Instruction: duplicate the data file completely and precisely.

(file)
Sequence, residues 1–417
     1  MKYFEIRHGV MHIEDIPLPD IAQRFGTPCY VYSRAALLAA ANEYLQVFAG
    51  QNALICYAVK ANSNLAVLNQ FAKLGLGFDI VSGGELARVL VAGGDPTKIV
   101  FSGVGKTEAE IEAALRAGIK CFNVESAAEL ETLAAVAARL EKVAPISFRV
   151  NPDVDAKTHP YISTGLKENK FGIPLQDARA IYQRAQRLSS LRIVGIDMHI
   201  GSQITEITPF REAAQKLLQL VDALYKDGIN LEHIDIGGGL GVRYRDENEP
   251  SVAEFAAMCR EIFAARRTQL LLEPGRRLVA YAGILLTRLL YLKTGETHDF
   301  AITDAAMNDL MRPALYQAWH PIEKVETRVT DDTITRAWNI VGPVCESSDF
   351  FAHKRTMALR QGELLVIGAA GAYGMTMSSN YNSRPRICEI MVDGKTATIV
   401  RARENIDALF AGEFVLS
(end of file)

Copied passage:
Sequence, residues 1–417
     1  MKYFEIRHGV MHIEDIPLPD IAQRFGTPCY VYSRAALLAA ANEYLQVFAG
    51  QNALICYAVK ANSNLAVLNQ FAKLGLGFDI VSGGELARVL VAGGDPTKIV
   101  FSGVGKTEAE IEAALRAGIK CFNVESAAEL ETLAAVAARL EKVAPISFRV
   151  NPDVDAKTHP YISTGLKENK FGIPLQDARA IYQRAQRLSS LRIVGIDMHI
   201  GSQITEITPF REAAQKLLQL VDALYKDGIN LEHIDIGGGL GVRYRDENEP
   251  SVAEFAAMCR EIFAARRTQL LLEPGRRLVA YAGILLTRLL YLKTGETHDF
   301  AITDAAMNDL MRPALYQAWH PIEKVETRVT DDTITRAWNI VGPVCESSDF
   351  FAHKRTMALR QGELLVIGAA GAYGMTMSSN YNSRPRICEI MVDGKTATIV
   401  RARENIDALF AGEFVLS